Barrett: What does service do?



Tom Barrett

The unique quality that distinguishes Villanova from most other universities is its commitment to the local and global community. Not only is this ideal written in the University’s mission statement, but the student body actually takes pride in living up to it. The number of charity and community-based organizations and events is simply unheard of at other schools: we have 5K runs for the fight against hunger, the Special Olympics and Water for Waslala; there are weekly opportunities to tutor and play with inner-city kids in Philadelphia who could use a mentor; the annual Special Olympics Fall Festival is the largest student-run festival in the world; and hundreds of our students choose to spend their spring and fall breaks serving those who are less fortunate.

Hundreds of pictures are posted online after these events. Everyone’s smiling, dancing, laughing, hugging; orphans are being held by nursing majors; athletes are being cheered on by student volunteers. Drastically different worlds collide, and the servers and the served bond over the glimpses they have of each other’s lives.

For most of us students, the warm-and-fuzzy feelings that filled the air on that day we helped out in Philly or that week we spent in Guatemala become lost in nostalgia as we return to the real world of finance and chemistry homework. That moment we felt empowered and connected – the moment we felt like we could actually do something to better the world – becomes nothing but a sentimental image trapped in a photograph. While we make this transition back to everyday life, the suffering that is the everyday life of those we tried to serve remains mostly unchanged. We don’t think about the fact that the man we gave a sandwich to at the soup kitchen will most likely be waiting in that line again. We don’t think about what the lives of the Special Olympics athletes and their families are like for the other 362 days of the year. And we don’t want to think about the fact that while one family may have a new house, there are millions upon millions more around the world who still will not have a place to live when fall break is over.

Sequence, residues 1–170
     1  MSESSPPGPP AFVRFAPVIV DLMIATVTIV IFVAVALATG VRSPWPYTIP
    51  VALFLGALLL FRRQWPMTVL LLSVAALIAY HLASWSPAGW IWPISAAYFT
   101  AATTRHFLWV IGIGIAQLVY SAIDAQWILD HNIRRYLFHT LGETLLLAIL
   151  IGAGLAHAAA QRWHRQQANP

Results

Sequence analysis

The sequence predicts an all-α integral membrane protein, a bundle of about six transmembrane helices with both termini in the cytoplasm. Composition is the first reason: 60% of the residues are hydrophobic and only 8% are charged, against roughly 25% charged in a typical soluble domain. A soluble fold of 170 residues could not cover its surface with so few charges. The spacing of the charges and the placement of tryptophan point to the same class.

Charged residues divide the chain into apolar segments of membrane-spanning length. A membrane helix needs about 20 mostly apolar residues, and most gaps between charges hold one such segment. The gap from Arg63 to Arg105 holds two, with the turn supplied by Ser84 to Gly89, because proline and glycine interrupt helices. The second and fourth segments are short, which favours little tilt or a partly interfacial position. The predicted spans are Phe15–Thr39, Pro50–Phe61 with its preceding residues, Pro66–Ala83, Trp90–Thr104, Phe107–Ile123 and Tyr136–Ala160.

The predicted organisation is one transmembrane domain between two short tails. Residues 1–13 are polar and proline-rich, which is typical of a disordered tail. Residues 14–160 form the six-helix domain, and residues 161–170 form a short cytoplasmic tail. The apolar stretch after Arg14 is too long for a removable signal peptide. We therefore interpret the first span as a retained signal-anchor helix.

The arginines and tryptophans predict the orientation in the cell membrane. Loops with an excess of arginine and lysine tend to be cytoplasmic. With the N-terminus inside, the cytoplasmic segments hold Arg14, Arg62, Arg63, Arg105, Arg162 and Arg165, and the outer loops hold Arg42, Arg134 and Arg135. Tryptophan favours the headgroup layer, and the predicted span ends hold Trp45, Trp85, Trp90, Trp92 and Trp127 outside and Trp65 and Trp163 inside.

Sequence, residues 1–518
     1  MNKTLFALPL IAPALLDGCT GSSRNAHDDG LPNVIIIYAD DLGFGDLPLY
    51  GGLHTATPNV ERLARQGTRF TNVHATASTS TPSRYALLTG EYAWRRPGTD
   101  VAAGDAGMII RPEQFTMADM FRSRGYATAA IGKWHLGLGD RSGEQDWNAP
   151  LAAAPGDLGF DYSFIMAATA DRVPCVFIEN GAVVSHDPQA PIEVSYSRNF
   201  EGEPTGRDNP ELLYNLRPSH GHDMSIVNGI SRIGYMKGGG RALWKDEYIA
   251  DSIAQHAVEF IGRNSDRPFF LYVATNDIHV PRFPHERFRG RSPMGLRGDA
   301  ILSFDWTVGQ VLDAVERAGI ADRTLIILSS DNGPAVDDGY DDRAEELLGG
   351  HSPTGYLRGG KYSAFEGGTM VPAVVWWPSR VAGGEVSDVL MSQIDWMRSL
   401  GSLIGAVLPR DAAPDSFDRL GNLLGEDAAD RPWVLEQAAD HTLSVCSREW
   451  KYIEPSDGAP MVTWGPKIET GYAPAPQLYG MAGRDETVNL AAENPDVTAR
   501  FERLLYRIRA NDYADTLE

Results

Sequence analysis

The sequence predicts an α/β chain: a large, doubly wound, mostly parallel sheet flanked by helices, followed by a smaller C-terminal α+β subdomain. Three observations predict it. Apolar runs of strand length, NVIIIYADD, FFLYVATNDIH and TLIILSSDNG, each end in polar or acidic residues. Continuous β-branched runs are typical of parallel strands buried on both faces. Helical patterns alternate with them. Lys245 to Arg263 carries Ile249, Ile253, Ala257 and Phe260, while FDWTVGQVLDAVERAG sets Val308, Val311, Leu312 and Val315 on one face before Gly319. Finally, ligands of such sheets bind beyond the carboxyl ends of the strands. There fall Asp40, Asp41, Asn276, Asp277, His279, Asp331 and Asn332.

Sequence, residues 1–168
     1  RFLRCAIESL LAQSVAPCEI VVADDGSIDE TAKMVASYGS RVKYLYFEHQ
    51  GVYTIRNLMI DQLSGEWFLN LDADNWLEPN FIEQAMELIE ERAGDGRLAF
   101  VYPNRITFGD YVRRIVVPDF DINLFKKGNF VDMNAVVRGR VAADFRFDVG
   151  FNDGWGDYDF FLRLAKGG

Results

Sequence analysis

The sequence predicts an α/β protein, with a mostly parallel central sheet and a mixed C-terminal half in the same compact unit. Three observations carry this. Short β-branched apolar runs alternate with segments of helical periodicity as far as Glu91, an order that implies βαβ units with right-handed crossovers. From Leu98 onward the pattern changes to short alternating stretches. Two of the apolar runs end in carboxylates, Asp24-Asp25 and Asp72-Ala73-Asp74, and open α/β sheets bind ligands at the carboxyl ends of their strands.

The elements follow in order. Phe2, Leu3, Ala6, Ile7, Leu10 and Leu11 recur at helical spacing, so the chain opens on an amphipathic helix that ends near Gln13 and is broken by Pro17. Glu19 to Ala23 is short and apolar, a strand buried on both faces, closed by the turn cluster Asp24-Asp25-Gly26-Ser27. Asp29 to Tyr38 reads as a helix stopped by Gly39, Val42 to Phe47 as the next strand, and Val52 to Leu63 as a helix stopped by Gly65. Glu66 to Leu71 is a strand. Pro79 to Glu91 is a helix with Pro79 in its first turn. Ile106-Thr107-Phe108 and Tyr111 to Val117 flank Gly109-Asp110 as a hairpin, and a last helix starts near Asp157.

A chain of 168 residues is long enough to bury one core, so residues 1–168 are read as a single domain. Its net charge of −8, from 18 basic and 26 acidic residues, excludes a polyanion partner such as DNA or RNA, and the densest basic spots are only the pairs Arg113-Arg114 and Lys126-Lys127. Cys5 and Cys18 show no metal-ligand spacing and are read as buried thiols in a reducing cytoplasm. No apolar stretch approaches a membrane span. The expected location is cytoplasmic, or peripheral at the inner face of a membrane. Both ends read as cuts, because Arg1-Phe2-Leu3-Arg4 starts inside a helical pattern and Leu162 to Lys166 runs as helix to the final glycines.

So all of this brings us back to the question: what good does service really do? While it’s undoubtedly obvious that it’s better to have people serving or giving money than doing absolutely nothing, mere service is far from being a cure-all. It’s like trying to put a band-aid on an axe wound – it might help a little at the time, but there is obviously much more that needs to be done to stop the bleeding. Service and charity, in most cases, can only address immediate needs and do not offer much guarantee of anything long-term. Donating and delivering a meal to a family for Thanksgiving is great, but chances are their plates will be empty again after those leftovers run out.

Don’t get me wrong – it’s great that so many Villanova students care enough to help others, but it can’t stop once the Campus Ministry vans drop them off back on campus. It’s only natural for us to have those warm high-on-life feelings when serving people to whom life has been less kind, but this should not be the end of service. It is about connecting with another human being on a level that is deeper than class, place of birth or mental capacity and seeing the humanity that we all have in common.

It is about experiencing their struggle as if it were our own and letting this transform us in a way that fundamentally alters the way we live our lives and look at the world. Without opening ourselves up to making the vulnerabilities of those we are seeking to serve our own, our efforts will be in vain and our experiences will become nothing more than scrapbook photos sealed and forgotten in its plastic pages.


Tom Barrett is a junior philosophy major from Colonia, N.J. He can be reached at [email protected].